Imagine having a website with a beautifully designed interface but it just doesn’t work. What happened? Most likely, bad UX is to blame. Good UX is all about putting value above aesthetics. That value is most often determined through widely accepted principles of human behavior. Luckily, most of those principles have already been researched and established by psychologists in well-controlled studies. Now, we simply need to understand and apply them to UX design.
1) Our brains don’t have unlimited bandwidth.
(Cognitive Load/Progressive Disclosure)
Yes, our brains are wondrous, powerful processors…but they’re not without limits. We all have a certain “bandwidth” for handling information at one time and the Cognitive Load is the total amount of bandwidth a task requires. Too high of a cognitive load will make it difficult for a user to comprehend a web page. This is where a concept called Progressive Disclosure comes in. Keeping the interface simple and gradually revealing complex features helps users get familiar without feeling overwhelmed. Here’s a fun example of how Progressive Disclosure can help a site like Hopper reduce Cognitive Load.
2) *Ding Dong* I’m really craving pizza. (Classical Conditioning)
I’m sure you’re familiar with the famous Pavlov’s Dog experiment demonstrating the ‘action-reaction’ pattern. When he rang the bell, he fed the dog a treat. He eventually conditioned the dog to anticipate a treat when it heard the bell. People are conditioned, too. As users, they receive feedback when they complete certain actions. This feedback can be subtle, like a micro-interaction. A micro-interaction is a tiny bit of motion or animation and they’re incredibly useful for providing that feedback to users. Take a button, for example. When you hover over one of the buttons on our website, it changes size.
This principle of Classical Conditioning can be applied to all kinds of decisions in a website, from the brand’s visual identity to the placement of elements. Ideally, all the primary buttons should have the same vibrant color and be placed where a certain action is needed (a “call to action”) consistently. The users will eventually become familiar with the color and placement and assume similar buttons will function along the same lines.
But what if it *gasp* did the opposite of what you’d expect? That’s called a Dark Pattern. They’re these little deceptive interactions, designed to trick users into doing things, like sign up for things or purchase something you didn’t want.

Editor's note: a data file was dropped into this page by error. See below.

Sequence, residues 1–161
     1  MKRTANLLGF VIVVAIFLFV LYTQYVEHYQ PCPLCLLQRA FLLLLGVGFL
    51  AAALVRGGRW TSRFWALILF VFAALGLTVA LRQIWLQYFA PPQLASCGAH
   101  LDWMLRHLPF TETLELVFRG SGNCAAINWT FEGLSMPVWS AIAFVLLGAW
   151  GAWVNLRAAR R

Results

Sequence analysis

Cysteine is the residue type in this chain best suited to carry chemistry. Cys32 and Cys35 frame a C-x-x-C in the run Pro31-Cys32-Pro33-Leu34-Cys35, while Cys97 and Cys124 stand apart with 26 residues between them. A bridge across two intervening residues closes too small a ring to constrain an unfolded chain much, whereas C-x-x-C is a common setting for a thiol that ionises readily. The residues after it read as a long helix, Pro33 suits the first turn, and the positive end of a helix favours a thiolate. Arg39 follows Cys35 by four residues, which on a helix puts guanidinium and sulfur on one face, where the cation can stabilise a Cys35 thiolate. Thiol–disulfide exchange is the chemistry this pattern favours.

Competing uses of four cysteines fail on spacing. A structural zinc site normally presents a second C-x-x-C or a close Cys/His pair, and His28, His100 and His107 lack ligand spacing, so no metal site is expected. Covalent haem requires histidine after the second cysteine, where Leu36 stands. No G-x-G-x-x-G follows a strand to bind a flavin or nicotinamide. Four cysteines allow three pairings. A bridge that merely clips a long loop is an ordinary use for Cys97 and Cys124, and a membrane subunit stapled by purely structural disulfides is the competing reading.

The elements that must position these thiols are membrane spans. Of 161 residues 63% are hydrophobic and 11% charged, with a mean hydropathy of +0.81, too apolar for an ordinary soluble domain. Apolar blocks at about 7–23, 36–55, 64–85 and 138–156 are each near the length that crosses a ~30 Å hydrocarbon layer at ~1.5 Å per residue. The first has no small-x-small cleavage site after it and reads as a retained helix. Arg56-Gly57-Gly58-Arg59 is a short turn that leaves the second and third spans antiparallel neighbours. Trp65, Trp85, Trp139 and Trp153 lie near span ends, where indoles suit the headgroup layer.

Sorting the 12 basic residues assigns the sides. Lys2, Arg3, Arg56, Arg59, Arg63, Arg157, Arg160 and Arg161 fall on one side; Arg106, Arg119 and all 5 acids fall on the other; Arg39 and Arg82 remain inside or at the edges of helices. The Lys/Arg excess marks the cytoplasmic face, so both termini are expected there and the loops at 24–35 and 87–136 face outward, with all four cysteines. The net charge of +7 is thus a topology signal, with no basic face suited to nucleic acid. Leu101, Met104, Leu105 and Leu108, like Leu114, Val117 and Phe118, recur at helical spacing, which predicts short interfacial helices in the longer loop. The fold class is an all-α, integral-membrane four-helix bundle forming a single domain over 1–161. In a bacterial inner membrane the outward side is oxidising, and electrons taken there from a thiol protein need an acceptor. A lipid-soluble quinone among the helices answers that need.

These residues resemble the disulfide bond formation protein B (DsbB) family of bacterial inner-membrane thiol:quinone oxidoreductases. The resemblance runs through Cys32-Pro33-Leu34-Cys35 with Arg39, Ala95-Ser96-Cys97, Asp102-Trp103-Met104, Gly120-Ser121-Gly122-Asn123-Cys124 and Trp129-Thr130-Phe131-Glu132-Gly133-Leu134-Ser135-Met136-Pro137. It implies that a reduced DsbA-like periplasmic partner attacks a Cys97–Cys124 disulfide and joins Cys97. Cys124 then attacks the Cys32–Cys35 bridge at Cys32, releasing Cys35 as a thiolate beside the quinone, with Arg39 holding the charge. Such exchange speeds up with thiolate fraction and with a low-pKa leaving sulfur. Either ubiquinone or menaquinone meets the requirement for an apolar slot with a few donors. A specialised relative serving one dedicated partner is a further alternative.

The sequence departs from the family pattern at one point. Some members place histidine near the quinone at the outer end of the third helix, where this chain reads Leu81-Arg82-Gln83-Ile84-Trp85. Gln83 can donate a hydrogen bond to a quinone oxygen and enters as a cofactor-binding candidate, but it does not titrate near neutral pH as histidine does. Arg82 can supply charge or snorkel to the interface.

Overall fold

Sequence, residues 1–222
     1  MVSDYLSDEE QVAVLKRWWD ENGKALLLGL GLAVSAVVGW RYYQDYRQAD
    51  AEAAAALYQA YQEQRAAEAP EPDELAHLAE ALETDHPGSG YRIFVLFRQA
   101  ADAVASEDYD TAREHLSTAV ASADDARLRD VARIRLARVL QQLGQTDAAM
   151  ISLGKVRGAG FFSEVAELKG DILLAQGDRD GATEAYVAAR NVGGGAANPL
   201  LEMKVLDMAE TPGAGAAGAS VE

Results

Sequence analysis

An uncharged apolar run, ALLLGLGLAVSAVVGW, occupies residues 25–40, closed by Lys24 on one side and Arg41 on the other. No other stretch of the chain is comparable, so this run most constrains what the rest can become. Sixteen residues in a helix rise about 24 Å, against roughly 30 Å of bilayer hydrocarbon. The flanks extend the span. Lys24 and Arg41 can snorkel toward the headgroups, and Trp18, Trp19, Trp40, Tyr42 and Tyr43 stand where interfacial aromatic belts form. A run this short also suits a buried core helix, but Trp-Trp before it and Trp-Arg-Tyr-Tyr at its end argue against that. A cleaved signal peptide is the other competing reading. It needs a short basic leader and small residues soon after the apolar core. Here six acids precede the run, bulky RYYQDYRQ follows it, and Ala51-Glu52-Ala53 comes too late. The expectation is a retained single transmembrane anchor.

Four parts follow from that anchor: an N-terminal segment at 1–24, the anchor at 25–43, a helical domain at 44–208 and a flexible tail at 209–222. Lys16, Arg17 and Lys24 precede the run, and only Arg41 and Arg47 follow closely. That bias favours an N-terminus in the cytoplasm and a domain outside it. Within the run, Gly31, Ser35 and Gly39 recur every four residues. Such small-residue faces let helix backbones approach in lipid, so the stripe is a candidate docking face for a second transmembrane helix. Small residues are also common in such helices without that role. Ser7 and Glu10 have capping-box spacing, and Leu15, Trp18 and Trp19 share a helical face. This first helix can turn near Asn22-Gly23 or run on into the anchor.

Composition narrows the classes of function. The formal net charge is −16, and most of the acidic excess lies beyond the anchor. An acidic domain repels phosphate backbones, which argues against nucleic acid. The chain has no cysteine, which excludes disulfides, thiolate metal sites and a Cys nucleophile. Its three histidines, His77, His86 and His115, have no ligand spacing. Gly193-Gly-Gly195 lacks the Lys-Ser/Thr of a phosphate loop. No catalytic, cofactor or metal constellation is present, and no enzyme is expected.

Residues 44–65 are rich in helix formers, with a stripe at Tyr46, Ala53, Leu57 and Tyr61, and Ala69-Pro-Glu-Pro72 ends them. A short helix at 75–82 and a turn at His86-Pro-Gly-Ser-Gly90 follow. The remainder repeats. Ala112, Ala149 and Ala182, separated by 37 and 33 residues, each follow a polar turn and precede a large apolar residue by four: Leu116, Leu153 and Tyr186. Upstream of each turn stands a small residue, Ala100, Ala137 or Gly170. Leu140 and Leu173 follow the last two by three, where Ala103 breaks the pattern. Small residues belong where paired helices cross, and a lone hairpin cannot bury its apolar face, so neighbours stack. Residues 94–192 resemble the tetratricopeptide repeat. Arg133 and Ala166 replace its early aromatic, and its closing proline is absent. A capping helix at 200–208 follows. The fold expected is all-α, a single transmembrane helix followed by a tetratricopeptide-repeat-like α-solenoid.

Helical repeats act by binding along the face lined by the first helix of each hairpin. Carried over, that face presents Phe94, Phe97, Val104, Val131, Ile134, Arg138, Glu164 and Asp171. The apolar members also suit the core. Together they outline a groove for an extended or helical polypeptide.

3) Hey, isn’t that Keyboard Cat? (Isolation Effect or Von Restorff)
The Isolation Effect predicts that people are more likely to remember an object that stands out from the rest. This is because memories work in categories. We organize our memories based on things like shape, size, weight, smell, color, and sound. If a property is unique, it allows us to recall it more freely because it forms its own category. An example of this would be pricing plan charts frequently used on websites.
In the example above, Zoho draws your attention to the Enterprise plan. The dotted outline, green tag, and unique colored button ensures that is the one you notice initially and will recall first. This is great for their business, as most users will opt for that one instead of spending time on the lower priced plans.
4) Your laugh is infectious. (Chameleon Effect)
Emotional Design has become a huge buzzword in the design community lately, and for good reason. People subconsciously tend to mimic the behavior and emotions of others they’re interacting with. When we interact with products, we feel. The products can influence those feelings through our empathy. Thinking about the ‘personality’ of a product and how it can mirror the personality of its users is a great way to make design decisions that are more unique and more relevant to users.
Meg Lewis is a fantastic example of this. Her brand and website evoke such a “Happy” aesthetic that it’s almost impossible to scroll through without cracking a smile.
5) It’s so pretty, though! (Aesthetic-Usability Effect)
In this phenomenon, users with less technical background are more likely to believe that “pretty” designs are more intuitive than their less appealing counterparts. When those pretty websites fail them, though, the users tend to blame themselves rather than the poor UX.
Hey, maybe you really love that slide in animation! That positive emotional response makes you more tolerant of its usability faults. In this example, the slow animation is unnecessary and creates extra wait time for the user.
This is merely a taste of the enormous topic that is psychological UX design. As cognitive psychologists continue to study how the human brain perceives, processes, and patterns information, the landscape of UX will continue to evolve.
Form should never come before function and the only way for designers to truly understand function is to keep these principles of human psychology in mind when making design decisions. After all, strategy is at the heart of solid marketing design. The most common way of measuring the success of your website’s UX strategy is through Google Analytics’ behavior reports. Learn how to navigate your analytics and understand your audience here.